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Immigration Travel Ban: Apple, Facebook, Google, Microsoft Oppose Trump's Executive Order

( [email protected] ) Jan 29, 2017 11:15 AM EST
Silicon Valley leaders immediately expressed concern and denounced an executive order signed on Friday by U.S. President Donald Trump that temporarily banned immigrants from seven predominantly Muslim countries from entering the United States, even if they already were approved to do so. However this ban was temporarily overturned on Saturday after American Civil Liberties Union officials won an emergency stay in federal court, meaning those affected with valid visas cannot be deported and sent back to their home countries.
Christian leaders of the largest U.S. evangelical bodies penned a letter to President Donald Trump on his executive order on the ban on refugees. While affirming government's role in maintaining national security, they pleaded that the President reconsider these decisions. They argued that the U.S. refugee resettlement program's screening process is "already extremely thorough - more intensive, in fact, than the vetting that is required of any other category of visitor or immigrant to our nation - and it has a remarkably strong record." Maya Casillas, 7, attends a vigil in response to President Donald Trump's executive orders relating to short-term immigration bans, in Los Angeles, Calif. Reuters / Lucy Nicholson

Silicon Valley leaders immediately expressed concern and denounced an executive order signed on Friday by U.S. President Donald Trump that temporarily banned immigrants from seven predominantly Muslim countries from entering the United States, even if they already were approved to do so. However this ban was temporarily overturned on Saturday after American Civil Liberties Union officials won an emergency stay in federal court, meaning those affected with valid visas cannot be deported and sent back to their home countries. 

The order called for 120 days, no Syrians to be permitted to enter the United States, and for 90 days, residents of what the Trump Administration references as "terror-prone" countries of Iran, Iraq, Syria, Sudan, Libya, Yemen and Somalia also are banned, CNN reported.

In response to the immigration ban, Apple CEO Tim Cook told staff the company "wouldn't exist" without immigration, and that Apple managers do not support the policy reflected in the ban.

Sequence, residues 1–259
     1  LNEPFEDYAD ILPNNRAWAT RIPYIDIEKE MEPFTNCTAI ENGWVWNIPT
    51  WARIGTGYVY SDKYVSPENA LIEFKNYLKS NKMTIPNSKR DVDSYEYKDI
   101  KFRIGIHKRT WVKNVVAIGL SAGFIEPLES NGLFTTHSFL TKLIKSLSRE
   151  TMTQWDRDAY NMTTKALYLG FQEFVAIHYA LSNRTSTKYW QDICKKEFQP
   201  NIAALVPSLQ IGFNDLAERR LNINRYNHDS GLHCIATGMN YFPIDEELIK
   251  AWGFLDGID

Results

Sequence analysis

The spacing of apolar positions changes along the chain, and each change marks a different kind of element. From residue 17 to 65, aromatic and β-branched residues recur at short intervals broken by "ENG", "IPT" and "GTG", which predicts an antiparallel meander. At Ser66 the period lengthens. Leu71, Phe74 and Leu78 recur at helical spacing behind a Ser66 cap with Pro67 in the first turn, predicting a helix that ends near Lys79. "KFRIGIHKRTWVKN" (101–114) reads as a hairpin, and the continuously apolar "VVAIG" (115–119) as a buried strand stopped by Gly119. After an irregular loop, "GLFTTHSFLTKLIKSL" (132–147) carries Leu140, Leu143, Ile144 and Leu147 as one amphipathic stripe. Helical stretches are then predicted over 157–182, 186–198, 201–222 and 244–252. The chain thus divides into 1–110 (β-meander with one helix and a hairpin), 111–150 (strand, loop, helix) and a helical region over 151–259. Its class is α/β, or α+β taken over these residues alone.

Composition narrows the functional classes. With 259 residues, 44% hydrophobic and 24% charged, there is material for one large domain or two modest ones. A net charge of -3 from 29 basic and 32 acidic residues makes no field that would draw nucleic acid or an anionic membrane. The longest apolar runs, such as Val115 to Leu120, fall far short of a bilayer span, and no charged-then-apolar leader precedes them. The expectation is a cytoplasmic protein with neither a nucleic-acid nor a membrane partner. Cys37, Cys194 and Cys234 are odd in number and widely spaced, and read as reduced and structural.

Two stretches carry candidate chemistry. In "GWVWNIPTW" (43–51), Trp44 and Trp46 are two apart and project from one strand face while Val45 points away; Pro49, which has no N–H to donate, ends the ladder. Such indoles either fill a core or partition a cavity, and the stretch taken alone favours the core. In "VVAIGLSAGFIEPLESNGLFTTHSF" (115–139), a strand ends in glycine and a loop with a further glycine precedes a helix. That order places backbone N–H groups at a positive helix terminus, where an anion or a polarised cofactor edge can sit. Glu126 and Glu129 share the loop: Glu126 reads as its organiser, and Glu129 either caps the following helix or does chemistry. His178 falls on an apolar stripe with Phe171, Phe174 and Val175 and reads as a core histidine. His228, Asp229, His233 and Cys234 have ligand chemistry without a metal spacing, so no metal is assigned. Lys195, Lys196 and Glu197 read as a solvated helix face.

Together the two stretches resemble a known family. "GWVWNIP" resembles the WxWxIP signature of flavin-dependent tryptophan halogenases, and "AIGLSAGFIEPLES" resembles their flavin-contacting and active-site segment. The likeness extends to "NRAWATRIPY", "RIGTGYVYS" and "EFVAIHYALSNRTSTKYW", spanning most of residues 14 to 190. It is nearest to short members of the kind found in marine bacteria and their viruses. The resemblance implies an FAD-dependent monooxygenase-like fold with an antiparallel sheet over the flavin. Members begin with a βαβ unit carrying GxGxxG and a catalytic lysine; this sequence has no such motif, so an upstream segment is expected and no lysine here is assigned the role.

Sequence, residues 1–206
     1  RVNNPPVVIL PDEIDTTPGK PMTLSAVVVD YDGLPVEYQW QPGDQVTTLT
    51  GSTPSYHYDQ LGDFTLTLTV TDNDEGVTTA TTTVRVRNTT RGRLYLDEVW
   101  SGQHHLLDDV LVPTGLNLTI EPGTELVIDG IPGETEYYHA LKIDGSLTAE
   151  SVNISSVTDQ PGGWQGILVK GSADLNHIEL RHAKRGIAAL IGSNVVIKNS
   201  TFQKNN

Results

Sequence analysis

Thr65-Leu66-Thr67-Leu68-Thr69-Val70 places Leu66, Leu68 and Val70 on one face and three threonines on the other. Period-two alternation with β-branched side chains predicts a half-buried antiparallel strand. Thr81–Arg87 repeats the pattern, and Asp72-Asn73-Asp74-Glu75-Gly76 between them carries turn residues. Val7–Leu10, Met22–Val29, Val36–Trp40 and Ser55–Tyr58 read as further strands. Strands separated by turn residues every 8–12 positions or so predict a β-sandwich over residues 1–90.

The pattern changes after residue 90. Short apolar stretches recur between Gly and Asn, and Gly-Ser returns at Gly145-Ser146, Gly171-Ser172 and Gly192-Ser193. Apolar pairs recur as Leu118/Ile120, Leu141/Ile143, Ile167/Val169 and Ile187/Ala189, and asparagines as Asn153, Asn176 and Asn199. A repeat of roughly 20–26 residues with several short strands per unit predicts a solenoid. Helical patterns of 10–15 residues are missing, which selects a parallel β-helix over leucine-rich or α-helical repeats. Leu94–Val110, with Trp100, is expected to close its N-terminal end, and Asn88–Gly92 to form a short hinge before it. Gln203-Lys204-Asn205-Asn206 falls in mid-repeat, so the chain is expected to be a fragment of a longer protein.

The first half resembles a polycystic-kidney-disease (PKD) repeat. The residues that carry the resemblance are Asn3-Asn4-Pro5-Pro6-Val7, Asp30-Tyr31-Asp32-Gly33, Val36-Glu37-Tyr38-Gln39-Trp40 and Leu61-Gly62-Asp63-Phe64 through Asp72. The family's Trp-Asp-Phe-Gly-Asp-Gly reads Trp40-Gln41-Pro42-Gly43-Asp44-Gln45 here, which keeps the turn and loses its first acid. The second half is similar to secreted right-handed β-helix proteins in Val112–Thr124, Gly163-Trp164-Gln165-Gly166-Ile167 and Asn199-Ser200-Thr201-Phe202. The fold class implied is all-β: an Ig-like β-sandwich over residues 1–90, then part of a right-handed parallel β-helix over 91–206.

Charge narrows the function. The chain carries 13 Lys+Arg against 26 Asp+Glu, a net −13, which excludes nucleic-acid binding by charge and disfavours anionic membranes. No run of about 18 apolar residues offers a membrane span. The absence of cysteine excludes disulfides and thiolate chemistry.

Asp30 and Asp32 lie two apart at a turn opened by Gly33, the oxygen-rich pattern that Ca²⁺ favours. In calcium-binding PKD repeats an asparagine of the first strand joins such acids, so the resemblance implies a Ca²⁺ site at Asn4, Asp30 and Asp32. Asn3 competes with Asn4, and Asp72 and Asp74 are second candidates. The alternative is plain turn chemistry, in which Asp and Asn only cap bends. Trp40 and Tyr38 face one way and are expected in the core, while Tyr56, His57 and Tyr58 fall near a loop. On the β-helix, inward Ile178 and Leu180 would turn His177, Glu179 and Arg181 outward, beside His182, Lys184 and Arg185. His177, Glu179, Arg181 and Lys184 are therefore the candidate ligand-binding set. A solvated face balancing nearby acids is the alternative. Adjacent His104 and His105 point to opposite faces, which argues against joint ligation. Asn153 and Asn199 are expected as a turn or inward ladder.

In an email to workers, obtained by Recode, Cook wrote:  "Apple would not exist without immigration, let alone thrive and innovate the way we do."

Cook also acknowledged that many Apple employees had voiced deep concerns about the executive order, reports Daily Mail. "I share your concerns. It is not a policy we support," he relayed. He then quoted Dr. Martin Luther King in the note to employees: "In the words of Dr. Martin Luther King, 'We may have all come on different ships, but we are in the same boat now.'"  

Facebook founder Mark Zuckerberg and Google CEO Sundar Pichai lead the outcries from business leaders. 

Zuckerberg wrote about Trump's restrictive immigration policies in a heartfelt Facebook post on Friday evening, citing vehement disagreement with Trump's promise to build a wall at the Mexican border, and his signing of an executive order to ban Syrian refugees and prevent immigrants from selected countries from entering the United States.

Zuckerberg, who is married to a first-generation immigrant, also wrote about his own European nationality and his hope that the nation can come together as one:  "My great grandparents came from Germany, Austria and Poland. Priscilla's parents were refugees from China and Vietnam. The United States is a nation of immigrants, and we should be proud of that. Like many of you, I'm concerned about the impact of the recent executive orders signed by President Trump."

Pichai said the ban impacted nearly 200 of the company's employees, and urged them to return to the U.S. in a company-wide email, reports CNBC and The Wall Street Journal. He said he was upset about the affect of this order.

"We're concerned about the impact of this order and any proposals that could impose restrictions on Googlers and their families, or that could create barriers to bringing great talent to the US," a Google spokesperson told CNBC. "We'll continue to make our views on these issues known to leaders in Washington and elsewhere."

"Our first order of business is to help Googlers who are affected," Pichai said. "If you're abroad and need help, please reach out to our global security team." Pichai added that it was "painful to see the personal cost of this executive order on our colleagues."

Separately, Microsoft leaders also voiced concerns about the new ban. Both Microsoft CEO Satya Nadella and Google's Pichai are Indian-Americans.

Microsoft told CNBC in a statement that "we share the concerns about the impact of the executive order on our employees from the listed countries, all of whom have been in the United States lawfully, and we're actively working with them to provide legal advice and assistance."

A federal judge granted an emergency stay Saturday to temporarily allow people with valid visas who landed in the U.S. to stay in the country. ACLU managers estimate it affected between 100 and 200 people detained at or in transit to U.S. airports. It did not, however, stay the president's entire order.

Canadian Prime Minister Justin Trudeau shared on social media Saturday a message for refugees rejected by Trump: "Canada will welcome you. To those fleeing persecution, terror & war, Canadians will welcome you, regardless of your faith. Diversity is our strength #WelcomeToCanada." 

Trudeau said he intends to talk to Trump about the success of Canada's refugee policy. 

 

 

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